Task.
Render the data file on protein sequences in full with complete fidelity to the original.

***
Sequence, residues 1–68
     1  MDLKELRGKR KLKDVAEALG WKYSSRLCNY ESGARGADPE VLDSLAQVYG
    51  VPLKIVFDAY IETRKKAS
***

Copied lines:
Sequence, residues 1–68
     1  MDLKELRGKR KLKDVAEALG WKYSSRLCNY ESGARGADPE VLDSLAQVYG
    51  VPLKIVFDAY IETRKKAS